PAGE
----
Of course the main arguments for staying in the EU are economic: there are the jobs that depend on membership, Britain benefits from the many able Europeans who come to work (and study) in the UK, the EU is the main market for British goods and services, and Britain benefits from the many EU trade deals in world markets.

But Britain has benefited politically and socially from EU membership. However much everyone hates Brussels bureaucracy – and yes, it badly needs reform – European legislation has an impact in many spheres of life, such as protection of the environment and financial grants to universities, and more often for good than not.

It’s not just the economic arguments that convince me.  I would like to see a Britain which looks outwards, seeing the benefit of living and working with neighbours, rather than turning its back on them.

Typical of the depressing comments I read which make me cringe is:

“Let’s have our country back and be BRITISH once again. …”

What –  little Britain – alone and battling against the world, rebuilding its own trade agreements, making new friends, finding new markets?  Or maybe hanging more tightly onto America’s coat tails? Of course the comment above conflates European migrants with immigration in general – or does the speaker feel that with European ties cut it will be easier to turn away the world’s refugees?

So — I would prefer a grown-up rather than little Britain, working and talking with its neighbours, learning to make compromises, not always sneering or thinking it is superior.

Of course I have selfish reasons for opposing Brexit.  It is not at all clear what rights Britons living abroad will retain if they lose their European citizenship.

Freedom of movement in the EU goes both ways: I can choose to live in France because we are in the EU.  If we leave, I may not necessarily have residency rights.  My tax bill could go up: for example at present I don’t pay CRDS (a tax which looks like increasing) because I am protected by the EU double taxation treaty. Most important of all for me, I would no longer necessarily be able to benefit from the EU reciprocal health agreement which means I enjoy all the benefits of the French health system.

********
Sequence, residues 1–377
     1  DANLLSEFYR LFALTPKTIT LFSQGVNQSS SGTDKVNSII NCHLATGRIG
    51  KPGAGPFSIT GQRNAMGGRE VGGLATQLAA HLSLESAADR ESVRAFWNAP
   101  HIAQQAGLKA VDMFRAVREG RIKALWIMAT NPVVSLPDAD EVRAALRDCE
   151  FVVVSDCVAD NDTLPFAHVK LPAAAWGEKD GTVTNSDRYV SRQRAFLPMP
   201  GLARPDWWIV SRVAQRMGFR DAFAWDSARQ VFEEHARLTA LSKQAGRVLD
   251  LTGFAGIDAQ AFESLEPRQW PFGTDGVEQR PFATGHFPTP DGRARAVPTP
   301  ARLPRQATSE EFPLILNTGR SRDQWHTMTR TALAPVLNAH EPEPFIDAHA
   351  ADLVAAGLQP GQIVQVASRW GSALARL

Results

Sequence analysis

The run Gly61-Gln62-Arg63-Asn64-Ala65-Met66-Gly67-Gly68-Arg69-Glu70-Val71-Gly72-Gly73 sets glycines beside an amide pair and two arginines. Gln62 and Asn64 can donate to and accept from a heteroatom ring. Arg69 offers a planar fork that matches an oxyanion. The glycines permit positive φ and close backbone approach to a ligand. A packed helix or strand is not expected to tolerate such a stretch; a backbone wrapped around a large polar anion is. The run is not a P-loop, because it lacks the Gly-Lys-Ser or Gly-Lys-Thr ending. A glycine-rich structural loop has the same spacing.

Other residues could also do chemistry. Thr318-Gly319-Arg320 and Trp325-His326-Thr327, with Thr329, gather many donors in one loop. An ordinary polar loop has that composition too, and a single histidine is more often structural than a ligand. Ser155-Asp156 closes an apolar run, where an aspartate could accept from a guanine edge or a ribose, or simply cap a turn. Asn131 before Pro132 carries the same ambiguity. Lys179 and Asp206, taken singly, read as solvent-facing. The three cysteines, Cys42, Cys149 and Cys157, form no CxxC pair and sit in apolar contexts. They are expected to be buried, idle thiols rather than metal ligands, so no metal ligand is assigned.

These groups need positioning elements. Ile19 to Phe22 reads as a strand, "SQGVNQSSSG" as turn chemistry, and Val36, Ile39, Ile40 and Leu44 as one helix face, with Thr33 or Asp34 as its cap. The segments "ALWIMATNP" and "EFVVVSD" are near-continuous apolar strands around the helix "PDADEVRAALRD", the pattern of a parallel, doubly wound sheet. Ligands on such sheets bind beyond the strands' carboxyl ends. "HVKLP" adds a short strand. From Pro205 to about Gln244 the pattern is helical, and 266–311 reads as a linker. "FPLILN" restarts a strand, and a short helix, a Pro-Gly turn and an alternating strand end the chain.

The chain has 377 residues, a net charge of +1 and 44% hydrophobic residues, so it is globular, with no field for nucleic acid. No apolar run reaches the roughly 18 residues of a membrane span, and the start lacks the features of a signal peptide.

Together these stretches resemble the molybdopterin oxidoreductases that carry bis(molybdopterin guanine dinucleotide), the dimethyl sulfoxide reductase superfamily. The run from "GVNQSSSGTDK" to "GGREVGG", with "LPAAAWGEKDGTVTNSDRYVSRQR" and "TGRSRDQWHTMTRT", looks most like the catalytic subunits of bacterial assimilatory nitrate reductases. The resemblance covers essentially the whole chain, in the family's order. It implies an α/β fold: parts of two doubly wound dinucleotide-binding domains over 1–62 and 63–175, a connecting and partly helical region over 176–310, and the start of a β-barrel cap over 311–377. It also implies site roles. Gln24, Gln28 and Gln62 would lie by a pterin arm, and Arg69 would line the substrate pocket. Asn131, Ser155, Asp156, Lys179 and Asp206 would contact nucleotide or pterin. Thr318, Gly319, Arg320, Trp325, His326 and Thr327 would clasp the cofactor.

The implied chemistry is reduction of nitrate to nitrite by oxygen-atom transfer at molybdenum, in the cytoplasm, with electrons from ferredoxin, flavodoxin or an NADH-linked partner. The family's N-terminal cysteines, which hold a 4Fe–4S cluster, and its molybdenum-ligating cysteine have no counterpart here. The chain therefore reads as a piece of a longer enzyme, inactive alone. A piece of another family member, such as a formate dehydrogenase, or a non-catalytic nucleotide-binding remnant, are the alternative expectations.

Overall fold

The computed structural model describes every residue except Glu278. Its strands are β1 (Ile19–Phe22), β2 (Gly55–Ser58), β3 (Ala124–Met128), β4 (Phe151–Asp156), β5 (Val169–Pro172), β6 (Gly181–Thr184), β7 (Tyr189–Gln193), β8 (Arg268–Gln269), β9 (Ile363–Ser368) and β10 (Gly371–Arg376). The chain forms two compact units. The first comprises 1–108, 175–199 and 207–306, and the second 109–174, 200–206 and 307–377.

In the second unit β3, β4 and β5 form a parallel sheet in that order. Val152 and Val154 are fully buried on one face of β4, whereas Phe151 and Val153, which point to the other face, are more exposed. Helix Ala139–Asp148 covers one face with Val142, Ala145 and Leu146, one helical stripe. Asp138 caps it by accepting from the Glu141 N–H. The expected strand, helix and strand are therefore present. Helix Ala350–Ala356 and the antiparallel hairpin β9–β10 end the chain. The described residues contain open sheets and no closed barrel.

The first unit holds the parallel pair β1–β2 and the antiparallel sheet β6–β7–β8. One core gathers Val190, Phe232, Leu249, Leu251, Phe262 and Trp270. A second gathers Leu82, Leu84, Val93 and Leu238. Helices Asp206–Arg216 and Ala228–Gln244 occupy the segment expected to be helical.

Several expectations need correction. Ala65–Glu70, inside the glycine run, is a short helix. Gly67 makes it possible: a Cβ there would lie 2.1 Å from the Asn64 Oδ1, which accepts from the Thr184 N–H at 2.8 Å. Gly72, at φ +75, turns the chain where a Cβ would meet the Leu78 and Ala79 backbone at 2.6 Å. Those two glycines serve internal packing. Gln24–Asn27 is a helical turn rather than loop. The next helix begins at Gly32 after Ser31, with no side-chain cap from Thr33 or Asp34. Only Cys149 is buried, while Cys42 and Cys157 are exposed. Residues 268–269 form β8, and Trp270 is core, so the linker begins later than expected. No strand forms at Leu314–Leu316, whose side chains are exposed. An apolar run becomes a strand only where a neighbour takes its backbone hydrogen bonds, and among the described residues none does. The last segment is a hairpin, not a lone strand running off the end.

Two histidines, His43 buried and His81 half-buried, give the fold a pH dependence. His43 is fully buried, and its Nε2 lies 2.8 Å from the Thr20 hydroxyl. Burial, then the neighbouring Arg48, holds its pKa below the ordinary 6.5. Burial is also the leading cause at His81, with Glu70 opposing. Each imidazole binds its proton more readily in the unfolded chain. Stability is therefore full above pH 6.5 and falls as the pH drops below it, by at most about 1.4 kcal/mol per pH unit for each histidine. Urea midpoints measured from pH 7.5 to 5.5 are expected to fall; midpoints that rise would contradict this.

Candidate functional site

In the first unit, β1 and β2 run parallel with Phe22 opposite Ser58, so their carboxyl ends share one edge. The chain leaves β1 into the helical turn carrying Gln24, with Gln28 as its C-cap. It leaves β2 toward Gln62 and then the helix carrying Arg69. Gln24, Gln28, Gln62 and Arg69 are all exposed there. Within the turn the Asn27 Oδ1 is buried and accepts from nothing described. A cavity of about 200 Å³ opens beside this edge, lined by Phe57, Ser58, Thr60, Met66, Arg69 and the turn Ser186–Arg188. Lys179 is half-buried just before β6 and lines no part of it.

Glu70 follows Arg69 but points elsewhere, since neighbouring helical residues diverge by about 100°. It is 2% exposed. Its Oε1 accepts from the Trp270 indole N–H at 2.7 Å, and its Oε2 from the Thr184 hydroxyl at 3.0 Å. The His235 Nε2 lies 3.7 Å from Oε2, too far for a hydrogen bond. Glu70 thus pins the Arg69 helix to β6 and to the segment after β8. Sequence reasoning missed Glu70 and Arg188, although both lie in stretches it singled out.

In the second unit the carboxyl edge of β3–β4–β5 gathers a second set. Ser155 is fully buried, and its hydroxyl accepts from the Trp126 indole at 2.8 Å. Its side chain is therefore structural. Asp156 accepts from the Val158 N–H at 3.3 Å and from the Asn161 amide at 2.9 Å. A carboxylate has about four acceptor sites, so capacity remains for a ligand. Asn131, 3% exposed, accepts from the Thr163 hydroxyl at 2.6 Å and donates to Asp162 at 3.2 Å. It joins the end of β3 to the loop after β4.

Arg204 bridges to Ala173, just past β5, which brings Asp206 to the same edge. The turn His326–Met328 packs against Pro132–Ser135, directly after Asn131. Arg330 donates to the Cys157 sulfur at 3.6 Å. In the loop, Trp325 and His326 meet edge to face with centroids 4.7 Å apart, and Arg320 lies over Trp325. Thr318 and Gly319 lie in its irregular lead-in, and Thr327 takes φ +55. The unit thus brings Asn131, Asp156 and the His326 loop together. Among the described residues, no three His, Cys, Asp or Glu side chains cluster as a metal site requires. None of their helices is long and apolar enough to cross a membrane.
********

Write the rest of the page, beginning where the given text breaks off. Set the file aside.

In other words, I might have to leave France and return to the UK, along with many of the 1.8 Britons living in other EU countries.

Gut saga continues

Can’t let a week pass without some medical appointments.  On Monday I saw my GP, Maëlle, and yesterday I saw a doctor at the clinique – who had been in Maelle’s class at medical school.

Dr Glaise was young, informal, friendly and authoritative.  What a pleasure to visit her, even if the news was not particularly cheering.  She confirmed the views of my old friend, Christine (together in primary school, secondary school, and university – and  she then went on to the heights of her profession as a doctor).  Both the surgery last year and then the radiotherapy have caused substantial scarring, or adhesions, which explain the fact that I have problems in different parts of my abdomen.

Her view was that the two recent episodes of pain were kidney stones, which with any luck have passed through.  But I should do what I can to avoid a recurrence – mainly by drinking even more water. Abdominal surgery is definitely not to be recommended unless in a life-saving situation: more surgery would mean more adhesion problems.

She also thought the pancreas might not be functioning properly.  She has given me a course of medication and if this does not work I have to go back to the clinique, this time to a gastroenterologist.

Nearly at the top?